June 2, 2022 – Current statistics on food and our health paint a grim picture.
Deaths linked to poor nutrition have increased by 15% since 2010. Malnutrition now accounts for a quarter of adult deaths worldwide each year. This includes people who don’t have enough to eat and people who are obese.
“We are facing a global pandemic far deadlier than COVID-19, but it is unfolding in slow motion and receiving too little attention and too little collective action,” says Scott Bowman, co-founder of The FEED movement. “Our diets are killing us.”
But food itself isn’t deadly – bad food is. A movement is growing to approach food as if it were literal medicine by tailoring meals to treat specific conditions, providing prescriptions for fresh fruits and vegetables, and improving the nutrient content of the foods we eat. let’s eat. Over the next few decades, discoveries and food-as-medicine programs have the potential to save millions of lives.
Envision the future
Currently, dozens of programs around the world are exploring ways to prescribe foods for people with diet-related illnesses such as obesity, type 2 diabetes and heart disease. Most of the research is done here in the United States, but the reach is global:
- In Canada, a new study examines the effects of dietary prescriptions on people with both food insecurity and high blood sugar.
- In Iran, researchers have developed a mobile app that uses artificial intelligence to recommend specific snacks for people with diabetes.
- In Italy, a menu recommendation prototype takes into account user preferences as well as their conditions and prescriptions.
- In Australia, a study is underway to develop a medically tailored meal program aimed at reducing heart disease.
Each of these efforts contributes a little more to our understanding of how food can be used as medicine.
(For more on how doctors are already using food as medicine, check out this companion story.)
“We still have a lot to understand when it comes to nutrition. We know a lot, enough to start taking action, but we also need to advance the science,” says Dariush Mozaffarian, MD, dean of the School of Nutrition Science and Policy at Tufts University.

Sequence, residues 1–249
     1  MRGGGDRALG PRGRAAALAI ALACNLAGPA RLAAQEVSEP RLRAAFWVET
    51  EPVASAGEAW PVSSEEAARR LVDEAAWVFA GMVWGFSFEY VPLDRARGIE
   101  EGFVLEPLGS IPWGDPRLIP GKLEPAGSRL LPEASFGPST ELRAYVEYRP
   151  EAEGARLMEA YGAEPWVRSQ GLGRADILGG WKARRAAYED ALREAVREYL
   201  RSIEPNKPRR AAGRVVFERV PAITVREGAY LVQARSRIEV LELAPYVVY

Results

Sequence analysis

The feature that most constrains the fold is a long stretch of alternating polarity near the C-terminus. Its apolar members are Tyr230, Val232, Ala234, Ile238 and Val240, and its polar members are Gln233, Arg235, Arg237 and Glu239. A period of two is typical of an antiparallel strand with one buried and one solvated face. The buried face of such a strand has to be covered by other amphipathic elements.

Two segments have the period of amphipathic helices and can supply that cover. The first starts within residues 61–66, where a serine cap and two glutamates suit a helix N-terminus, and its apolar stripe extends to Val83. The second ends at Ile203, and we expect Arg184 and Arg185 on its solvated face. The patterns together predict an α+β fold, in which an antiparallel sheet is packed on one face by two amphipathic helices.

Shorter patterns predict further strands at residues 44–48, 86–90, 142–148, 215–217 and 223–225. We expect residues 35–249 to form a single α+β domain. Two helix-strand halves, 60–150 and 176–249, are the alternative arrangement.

No one expects life to get less busy over the next few decades. Solutions must therefore take into account our current way of life, in particular our dependence on convenience products.
“Most of us will still need prepared, convenient, packaged and processed foods in addition to fresh foods. So we need to advance the science to understand what is harmful in highly processed foods and what is beneficial in most natural foods,” says Mozaffarian. “I haven’t seen that yet.”
Food for treatment or prevention? Yes
While some scientists are thinking about how to treat disease with food, others are looking to use it to completely prevent disease. Plant-based diets take center stage here, as researchers search for ways to make the plants themselves more nutrient-dense.
“The first generation of agricultural technology companies were directed at growers, looking for higher yields and resistance to pests,” says Todd Mockler, PhD, principal investigator at the Donald Danforth Plant Science Center in St. Louis. . The new generation is still working on that, he says, “but also on innovations that are more consumer-oriented, like better nutrition.”
An example is HarvestMore. The organization uses a crop breeding process called biofortification to increase the iron, zinc and vitamin A content of staple crops in low- and middle-income countries around the world. Nearly 13 million small farms cultivate them.
Another is a private company called shiny seed, which uses artificial intelligence to map the universe of phytonutrients, compounds in plants beneficial to human health. It identified 1.5 million — more than 10 times what was previously known — says Mozaffarian, the company’s scientific adviser.
“If I want to optimize a food for a specific health condition, or interact with the body in a certain way, or reduce inflammation or respond to the microbiome,” says Bowman, “in the future, I might look to an organization like Brightseed and they will tell me exactly where to find these bioactive compounds in the plant kingdom.
And then there is the concept of precision nutrition. Researchers are finding that because each person has both a unique genetic makeup and microbiome, eating the same food affects you differently than anyone else, even close relatives. Your genes influence how your body uses nutrients (this is called nutrigenetics); and at the same time, the foods you eat can change the way your genes are expressed (this is nutrigenomics). Nutrigenomics means that if your genes make you more likely to have diabetes and you eat foods that turn on the genes, it can pave the way for the disease to develop. Meanwhile, the gut bacteria that make up your microbiome also work to individualize your body’s response to food.